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Cincinnati, Ohio, July 30, 1899.
To the Editor:
—I have been particularly interested in the articles on malaria, in the Journal of July 29. Coming from such acute observers as Dock and Fackler, they can hardly fail to attract attention, and certainly influence if not compel belief. Of especial interest is Dr. Dock's handling of that much discussed subject, malarial hemoglobinuria, and his remarks concerning the frequency with which this complication is reported on insufficient grounds, i. e., without corroborative blood examination, leads me to report a case in which the diagnosis was repeatedly confirmed by the use of the microscope. In brief, the history is as follows: A white adult male, aged 40, with frequent attacks of chills and fever for over a year previous to passage of blood in his urine, had taken quinin irregularly during that time, but had not taken any for several weeks previous to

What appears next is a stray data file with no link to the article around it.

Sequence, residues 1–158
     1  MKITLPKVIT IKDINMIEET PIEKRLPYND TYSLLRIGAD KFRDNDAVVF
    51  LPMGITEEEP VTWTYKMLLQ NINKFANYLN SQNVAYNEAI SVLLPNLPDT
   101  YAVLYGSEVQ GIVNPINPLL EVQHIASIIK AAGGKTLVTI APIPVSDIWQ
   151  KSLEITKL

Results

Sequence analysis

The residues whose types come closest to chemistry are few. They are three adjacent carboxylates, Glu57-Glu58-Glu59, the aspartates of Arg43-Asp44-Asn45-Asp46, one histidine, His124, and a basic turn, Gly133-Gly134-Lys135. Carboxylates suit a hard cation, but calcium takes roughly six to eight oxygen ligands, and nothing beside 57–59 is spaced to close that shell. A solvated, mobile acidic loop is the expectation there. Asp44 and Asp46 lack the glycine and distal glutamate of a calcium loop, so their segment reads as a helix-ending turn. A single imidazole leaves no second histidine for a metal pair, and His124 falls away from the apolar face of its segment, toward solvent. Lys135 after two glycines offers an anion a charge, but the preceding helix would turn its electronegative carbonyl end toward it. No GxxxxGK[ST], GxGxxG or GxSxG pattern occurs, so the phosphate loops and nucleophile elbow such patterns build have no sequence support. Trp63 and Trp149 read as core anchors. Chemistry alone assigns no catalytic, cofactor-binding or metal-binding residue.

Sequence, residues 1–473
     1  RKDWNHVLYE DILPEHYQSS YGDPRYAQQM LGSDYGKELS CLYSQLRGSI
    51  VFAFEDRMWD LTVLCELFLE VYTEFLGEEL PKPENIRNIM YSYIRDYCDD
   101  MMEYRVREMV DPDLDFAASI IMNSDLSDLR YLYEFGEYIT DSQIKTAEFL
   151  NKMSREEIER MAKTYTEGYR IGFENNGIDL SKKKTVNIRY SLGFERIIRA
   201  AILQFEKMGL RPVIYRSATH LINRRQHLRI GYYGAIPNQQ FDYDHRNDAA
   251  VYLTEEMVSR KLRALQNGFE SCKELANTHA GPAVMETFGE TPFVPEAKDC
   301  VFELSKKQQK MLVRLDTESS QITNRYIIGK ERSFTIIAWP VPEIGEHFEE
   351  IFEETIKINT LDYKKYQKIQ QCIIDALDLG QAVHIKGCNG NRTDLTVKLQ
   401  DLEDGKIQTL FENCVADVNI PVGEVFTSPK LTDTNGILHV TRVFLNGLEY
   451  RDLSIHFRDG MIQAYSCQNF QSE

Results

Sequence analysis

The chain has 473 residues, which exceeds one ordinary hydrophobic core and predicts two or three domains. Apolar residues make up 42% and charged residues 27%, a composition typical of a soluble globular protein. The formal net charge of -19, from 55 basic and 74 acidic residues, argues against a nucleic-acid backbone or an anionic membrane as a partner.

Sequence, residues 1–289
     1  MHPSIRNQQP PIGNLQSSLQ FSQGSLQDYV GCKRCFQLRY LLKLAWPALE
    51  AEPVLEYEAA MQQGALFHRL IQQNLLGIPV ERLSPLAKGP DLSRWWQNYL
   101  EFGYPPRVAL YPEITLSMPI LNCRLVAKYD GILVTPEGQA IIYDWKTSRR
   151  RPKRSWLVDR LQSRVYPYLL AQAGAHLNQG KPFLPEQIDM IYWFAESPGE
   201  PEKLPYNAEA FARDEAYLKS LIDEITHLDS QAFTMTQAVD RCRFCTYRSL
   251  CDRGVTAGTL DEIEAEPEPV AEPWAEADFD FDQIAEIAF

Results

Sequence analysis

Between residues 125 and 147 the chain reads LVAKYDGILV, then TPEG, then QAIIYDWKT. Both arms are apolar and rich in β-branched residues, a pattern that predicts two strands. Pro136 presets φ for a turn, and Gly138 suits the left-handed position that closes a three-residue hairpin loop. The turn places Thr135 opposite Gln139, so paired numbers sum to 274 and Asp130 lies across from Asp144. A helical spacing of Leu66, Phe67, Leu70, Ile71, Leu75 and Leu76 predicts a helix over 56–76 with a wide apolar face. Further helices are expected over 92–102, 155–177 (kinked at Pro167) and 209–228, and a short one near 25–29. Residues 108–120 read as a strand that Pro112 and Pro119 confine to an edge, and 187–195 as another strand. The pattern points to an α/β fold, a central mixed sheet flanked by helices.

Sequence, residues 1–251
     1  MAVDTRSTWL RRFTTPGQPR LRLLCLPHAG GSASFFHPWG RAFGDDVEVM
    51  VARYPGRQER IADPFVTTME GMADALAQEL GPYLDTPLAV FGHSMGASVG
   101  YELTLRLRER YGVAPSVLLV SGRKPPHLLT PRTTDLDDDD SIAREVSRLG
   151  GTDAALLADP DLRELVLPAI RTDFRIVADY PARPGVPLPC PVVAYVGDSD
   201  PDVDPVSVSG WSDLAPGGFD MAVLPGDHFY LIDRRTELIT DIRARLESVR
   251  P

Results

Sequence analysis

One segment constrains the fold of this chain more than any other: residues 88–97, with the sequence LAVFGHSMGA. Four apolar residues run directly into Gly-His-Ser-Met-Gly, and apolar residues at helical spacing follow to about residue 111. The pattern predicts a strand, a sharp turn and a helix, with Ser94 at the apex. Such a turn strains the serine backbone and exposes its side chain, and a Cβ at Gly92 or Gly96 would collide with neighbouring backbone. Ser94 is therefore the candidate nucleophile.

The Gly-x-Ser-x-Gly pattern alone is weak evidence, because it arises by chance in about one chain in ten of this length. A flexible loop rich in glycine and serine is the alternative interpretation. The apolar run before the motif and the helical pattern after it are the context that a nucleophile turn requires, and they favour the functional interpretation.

Brown MA. Malarial Hemoglobinuria.. JAMA. 1899;XXXIII(7):400-401. doi:10.1001/jama.1899.02450590030002